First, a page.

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  •  
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    Debunked, May 28th, 2009 @ 8:36am

    Misquote needs fixing

    Mike,

    "using the pure propaganda put out by the Copyright Alliance"

    above all in blue and linked

    the above quoted link is to article that clearly says "pro-copyright" and not "pure" as you link above. Also in their article they never say pure, only pro.

    You might consider fixing (probably unintentional) misquote.

     

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      Chronno S. Trigger (profile), May 28th, 2009 @ 8:49am

      Re: Misquote needs fixing

      Mike wasn't quoting TorrentFreak, he was linking to them while stating his own opinion about it.

       

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      Anonymous Coward, May 28th, 2009 @ 9:37am

      Re: Misquote needs fixing

      Um, I think you are the one with the misunderstanding. There is no misquote. The tripe the Copyright Alliance put out IS nothing but propaganda. Hence Mike calling it "pure propaganda".

      Its one thing to be pro-copyright. Its quite another to think any of the clout in the Copyright Alliance's curriculum is accurate.

       

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        Anonymous Coward, May 28th, 2009 @ 10:14am

        Re: Re: Misquote needs fixing

        it isn't any more or less accurate than much of what is posted here.

         

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        Anonymous Coward, May 28th, 2009 @ 10:39am

        Re: Re: Misquote needs fixing

        I believe you missed the part where the material was put out by an association of lawyers and judges known as the National Center for State Courts, an association that to my knowledge has nothing to do with any "Copyright Propogandist" organizations.

         

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          Hulser (profile), May 28th, 2009 @ 10:52am

          Re: Re: Re: Misquote needs fixing

          Are we reading the same article? Because I don't see anything about the National Center for State Courts in the TorrentFreak article linked in the TD post. I see that you mentioned in another thread some pamphlet published by this group, but how is that a relevent defence against the assertion that the Copyright Alliance's material is propoganda?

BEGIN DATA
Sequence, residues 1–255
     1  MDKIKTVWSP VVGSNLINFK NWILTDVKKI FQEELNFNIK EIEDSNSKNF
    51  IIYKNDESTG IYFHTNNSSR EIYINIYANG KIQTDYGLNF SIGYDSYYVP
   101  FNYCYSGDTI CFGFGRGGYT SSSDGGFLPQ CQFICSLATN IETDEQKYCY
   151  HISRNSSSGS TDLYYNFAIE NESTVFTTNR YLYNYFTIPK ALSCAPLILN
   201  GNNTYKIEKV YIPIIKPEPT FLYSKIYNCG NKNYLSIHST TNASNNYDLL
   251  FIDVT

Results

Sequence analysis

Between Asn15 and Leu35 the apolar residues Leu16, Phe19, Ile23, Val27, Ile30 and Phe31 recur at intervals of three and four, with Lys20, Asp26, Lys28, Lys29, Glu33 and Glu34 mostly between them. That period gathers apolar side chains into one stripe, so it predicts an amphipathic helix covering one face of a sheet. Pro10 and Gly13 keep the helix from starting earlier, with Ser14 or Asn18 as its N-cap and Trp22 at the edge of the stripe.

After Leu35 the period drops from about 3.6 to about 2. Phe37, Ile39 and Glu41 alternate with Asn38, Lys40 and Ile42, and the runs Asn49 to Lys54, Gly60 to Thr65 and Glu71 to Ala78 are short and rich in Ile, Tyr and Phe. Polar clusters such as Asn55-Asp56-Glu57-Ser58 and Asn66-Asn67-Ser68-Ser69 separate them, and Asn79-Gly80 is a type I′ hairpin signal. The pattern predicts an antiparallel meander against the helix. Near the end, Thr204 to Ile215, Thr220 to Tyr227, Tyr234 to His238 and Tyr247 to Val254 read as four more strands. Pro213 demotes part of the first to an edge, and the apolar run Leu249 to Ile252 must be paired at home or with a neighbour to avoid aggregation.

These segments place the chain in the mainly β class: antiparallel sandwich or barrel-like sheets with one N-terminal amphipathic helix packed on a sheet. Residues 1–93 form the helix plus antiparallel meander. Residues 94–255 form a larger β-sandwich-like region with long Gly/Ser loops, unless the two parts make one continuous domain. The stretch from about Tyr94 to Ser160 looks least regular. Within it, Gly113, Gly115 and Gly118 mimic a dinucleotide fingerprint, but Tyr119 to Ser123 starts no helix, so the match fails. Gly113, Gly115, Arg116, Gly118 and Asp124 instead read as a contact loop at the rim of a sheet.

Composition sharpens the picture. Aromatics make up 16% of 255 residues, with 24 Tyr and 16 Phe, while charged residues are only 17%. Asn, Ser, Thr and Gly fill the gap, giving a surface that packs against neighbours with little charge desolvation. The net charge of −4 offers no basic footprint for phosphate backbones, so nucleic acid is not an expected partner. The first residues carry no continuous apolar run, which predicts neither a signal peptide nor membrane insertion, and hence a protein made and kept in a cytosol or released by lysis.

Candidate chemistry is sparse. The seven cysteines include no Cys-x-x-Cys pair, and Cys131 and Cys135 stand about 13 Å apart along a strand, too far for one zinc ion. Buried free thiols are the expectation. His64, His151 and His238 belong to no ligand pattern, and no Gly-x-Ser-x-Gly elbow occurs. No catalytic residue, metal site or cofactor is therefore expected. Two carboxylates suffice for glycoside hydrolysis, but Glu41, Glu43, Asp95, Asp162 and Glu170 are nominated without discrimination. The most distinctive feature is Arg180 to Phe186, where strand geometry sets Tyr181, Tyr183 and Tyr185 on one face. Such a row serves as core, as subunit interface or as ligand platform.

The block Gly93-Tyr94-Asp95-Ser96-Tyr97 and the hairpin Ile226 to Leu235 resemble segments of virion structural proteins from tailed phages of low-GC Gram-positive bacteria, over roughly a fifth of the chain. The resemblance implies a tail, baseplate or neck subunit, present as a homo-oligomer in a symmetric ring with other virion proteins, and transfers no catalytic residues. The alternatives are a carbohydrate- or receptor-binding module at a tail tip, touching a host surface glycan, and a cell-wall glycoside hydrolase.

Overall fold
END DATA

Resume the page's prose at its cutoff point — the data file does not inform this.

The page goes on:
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    Anonymous Coward, May 28th, 2009 @ 9:24am

    I'd like a look at this, and I'm sure the rest of the readers here would.

    anybody have docs?

     

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    identicon
    Anonymous Coward, May 28th, 2009 @ 6:21pm

    Perhaps it's not the kids that are the problem.

    I am not at all sure what this means, but you damn well better not be talking about my wife.

     

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    identicon
    Herman, May 29th, 2009 @ 12:32am

    Pretense of objectivity

    How surprising that YouTube-owner Google-employee William patry has a different view on fair use of copyrighted content in videos online, when his employers income is based on advertising revenue from just such content.

     

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      Mike Masnick (profile), May 29th, 2009 @ 2:39am

      Re: Pretense of objectivity

      How surprising that YouTube-owner Google-employee William patry has a different view on fair use of copyrighted content in videos online, when his employers income is based on advertising revenue from just such content.

      Heh. If you knew anything about Patry you'd realize what an incredibly laughable charge that is. Patry has a long and extremely distinguished record as a copyright expert. He literally wrote "the book" on copyright. Charging with him bias is flat out silly.

       

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      Anonymous Coward, May 29th, 2009 @ 8:00am

      Re: Pretense of objectivity

      And this is kind of misguided charge is why he no longer blogs on that site, much to the detriment of all of us.

       

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  •  
    identicon
    Anonymous Coward, May 29th, 2009 @ 12:36pm

    26 and 28,

    My comment was directed solely to Masnick based upon an ambiguous post that could reasonably be viewed as potentially derisive. He had the good sense to drop the matter, something it appears that each of you lack.

    Want to pick on someone and make disparaging remarks? Pick on me, but leave my family out of it. Kapish?